Ace Up Our Sleeve
TELEVISION/RADIO; 'Reality' TV? Television Colonized Reality Long Ago
By JOSEPH HANANIA | Published: January 21, 2001
AS ''Temptation Island,'' ''The Mole'' and, starting next Sunday, ''Survivor II'' stake out their turf in prime time, it may seem as if tawdry ''reality'' programming is taking over television. But researchers who study television and its effect on society say that the battle with reality was settled long ago, and in TV's favor.
''By the time a child goes to school, his world view is already cemented by TV,'' said George Gerbner, dean emeritus of the Annenberg School of Communications at the University of Pennsylvania and author of ''Telling All the Stories'' (Peter Lang Publishing), due early this year, in which he discusses how television entertainment and news programming distort how we see ourselves and the world. ''School now can only help him understand the source of his existing views.''
It's not a revolutionary idea, but it's one that Mr. Gerbner and others think should be reasserted at a time when corporate consolidation is concentrating power over programming in ever fewer hands.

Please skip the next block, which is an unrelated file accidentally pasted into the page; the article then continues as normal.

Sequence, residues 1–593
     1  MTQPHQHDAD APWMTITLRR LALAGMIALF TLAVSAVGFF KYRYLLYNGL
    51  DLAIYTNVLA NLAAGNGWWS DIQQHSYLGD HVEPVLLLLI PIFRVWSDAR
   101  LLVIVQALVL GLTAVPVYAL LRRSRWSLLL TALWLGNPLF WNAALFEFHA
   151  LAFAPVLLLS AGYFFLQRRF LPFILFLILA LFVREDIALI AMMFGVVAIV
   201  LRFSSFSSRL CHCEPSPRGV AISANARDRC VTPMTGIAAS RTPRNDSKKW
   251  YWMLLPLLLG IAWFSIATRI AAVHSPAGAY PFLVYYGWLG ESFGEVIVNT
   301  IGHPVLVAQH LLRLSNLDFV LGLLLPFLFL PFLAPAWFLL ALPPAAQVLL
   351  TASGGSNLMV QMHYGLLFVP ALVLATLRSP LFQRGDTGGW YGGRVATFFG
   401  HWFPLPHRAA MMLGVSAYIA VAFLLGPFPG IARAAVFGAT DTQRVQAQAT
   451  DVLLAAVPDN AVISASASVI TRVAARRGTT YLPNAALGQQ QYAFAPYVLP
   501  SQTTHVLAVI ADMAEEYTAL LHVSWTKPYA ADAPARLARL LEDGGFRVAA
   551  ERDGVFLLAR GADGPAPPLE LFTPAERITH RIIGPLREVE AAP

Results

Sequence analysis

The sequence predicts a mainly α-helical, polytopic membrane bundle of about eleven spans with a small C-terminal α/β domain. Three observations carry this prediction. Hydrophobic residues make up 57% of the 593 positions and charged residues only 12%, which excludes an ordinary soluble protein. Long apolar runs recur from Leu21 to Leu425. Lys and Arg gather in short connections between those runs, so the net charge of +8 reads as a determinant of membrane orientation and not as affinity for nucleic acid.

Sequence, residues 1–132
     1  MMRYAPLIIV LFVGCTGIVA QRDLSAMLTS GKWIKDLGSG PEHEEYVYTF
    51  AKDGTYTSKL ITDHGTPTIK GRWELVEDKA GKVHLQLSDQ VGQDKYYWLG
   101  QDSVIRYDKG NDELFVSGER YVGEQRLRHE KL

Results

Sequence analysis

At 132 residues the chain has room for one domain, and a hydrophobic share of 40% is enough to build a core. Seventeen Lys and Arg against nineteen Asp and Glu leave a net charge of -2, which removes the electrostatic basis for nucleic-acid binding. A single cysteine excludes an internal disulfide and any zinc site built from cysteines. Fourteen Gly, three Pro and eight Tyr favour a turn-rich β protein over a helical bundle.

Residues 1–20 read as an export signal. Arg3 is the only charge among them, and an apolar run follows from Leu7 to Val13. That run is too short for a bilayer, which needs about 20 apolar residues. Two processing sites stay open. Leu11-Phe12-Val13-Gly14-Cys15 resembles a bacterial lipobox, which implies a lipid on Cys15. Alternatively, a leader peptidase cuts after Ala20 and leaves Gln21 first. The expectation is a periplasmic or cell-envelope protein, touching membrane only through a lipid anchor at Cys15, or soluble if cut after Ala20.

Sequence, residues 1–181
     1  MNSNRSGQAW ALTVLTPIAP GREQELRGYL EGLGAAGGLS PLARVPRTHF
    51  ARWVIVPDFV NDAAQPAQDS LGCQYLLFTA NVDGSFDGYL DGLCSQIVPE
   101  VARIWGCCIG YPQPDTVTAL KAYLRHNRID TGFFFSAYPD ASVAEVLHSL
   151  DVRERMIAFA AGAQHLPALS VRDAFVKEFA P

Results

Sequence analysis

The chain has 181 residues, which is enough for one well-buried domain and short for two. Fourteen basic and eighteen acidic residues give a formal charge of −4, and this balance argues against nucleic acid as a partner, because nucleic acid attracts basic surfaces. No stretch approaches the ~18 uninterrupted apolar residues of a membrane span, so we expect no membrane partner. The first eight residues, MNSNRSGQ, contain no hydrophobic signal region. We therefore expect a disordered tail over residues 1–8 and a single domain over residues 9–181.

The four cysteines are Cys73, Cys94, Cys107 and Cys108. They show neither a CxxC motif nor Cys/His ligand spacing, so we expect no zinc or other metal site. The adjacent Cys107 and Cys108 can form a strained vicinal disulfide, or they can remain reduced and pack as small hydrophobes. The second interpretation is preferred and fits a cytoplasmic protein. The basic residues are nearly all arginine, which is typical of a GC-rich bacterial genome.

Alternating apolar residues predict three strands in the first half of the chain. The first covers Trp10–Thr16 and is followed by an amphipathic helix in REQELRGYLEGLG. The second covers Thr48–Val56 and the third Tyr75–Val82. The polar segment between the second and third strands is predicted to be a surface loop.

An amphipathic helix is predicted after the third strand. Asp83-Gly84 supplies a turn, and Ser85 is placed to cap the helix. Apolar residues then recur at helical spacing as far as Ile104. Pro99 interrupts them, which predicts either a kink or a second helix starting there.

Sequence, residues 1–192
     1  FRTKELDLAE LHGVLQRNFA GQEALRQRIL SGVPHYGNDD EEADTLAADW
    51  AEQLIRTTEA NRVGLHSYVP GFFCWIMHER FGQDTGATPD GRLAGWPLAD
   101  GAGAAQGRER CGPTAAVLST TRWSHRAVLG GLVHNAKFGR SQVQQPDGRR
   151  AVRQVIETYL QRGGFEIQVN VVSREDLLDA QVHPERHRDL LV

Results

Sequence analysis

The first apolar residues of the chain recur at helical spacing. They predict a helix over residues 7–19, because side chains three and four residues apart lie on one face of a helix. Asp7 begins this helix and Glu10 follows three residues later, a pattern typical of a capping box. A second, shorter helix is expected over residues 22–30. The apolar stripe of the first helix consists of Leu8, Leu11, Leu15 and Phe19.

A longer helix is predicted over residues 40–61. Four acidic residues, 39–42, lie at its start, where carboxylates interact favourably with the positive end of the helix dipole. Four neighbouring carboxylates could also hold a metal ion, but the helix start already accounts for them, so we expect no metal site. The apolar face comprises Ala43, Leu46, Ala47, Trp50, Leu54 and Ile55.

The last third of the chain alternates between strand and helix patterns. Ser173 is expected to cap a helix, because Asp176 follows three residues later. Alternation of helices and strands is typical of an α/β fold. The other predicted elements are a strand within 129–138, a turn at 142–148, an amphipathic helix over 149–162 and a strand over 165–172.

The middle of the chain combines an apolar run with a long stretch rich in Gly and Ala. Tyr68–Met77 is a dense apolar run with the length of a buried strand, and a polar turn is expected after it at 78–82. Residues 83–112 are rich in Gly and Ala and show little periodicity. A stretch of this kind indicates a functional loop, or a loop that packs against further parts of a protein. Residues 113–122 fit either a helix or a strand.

Some features of television's reality are fairly obvious, such as the fact that it includes few people who are old or unattractive; the ''reality'' reflected by the buff and primarily young casts of the ''Survivor'' shows and ''Temptation Island'' is, in that respect, TV-determined. It also rarely includes poor people -- unless their poverty is the ''before'' chapter in a story of striking it rich.
Other features are not so obvious. On television, Mr. Gerbner pointed out, ''everyone runs around in cars at a suicidal speed'' with little concern for personal or environmental risks. Is it coincidence, he said, that Los Angeles is the center of both the television and car cultures? Or that the United States allocates a vast majority of its transportation funds to highways? ''When did you last see a hero get away in a street car?'' he asked.
Stuart Fischoff, a professor of media psychology at California State University, Los Angeles, said that many viewers experience television as more real than their own lives. ''The less experienced you are in life, the more isolated you are, the more life becomes determined by TV,'' he said. For many, ''whenever there is a test of whether personal or media reality is true, they opt for the media reality. Increasingly, real life doesn't have the bona fides that television does.''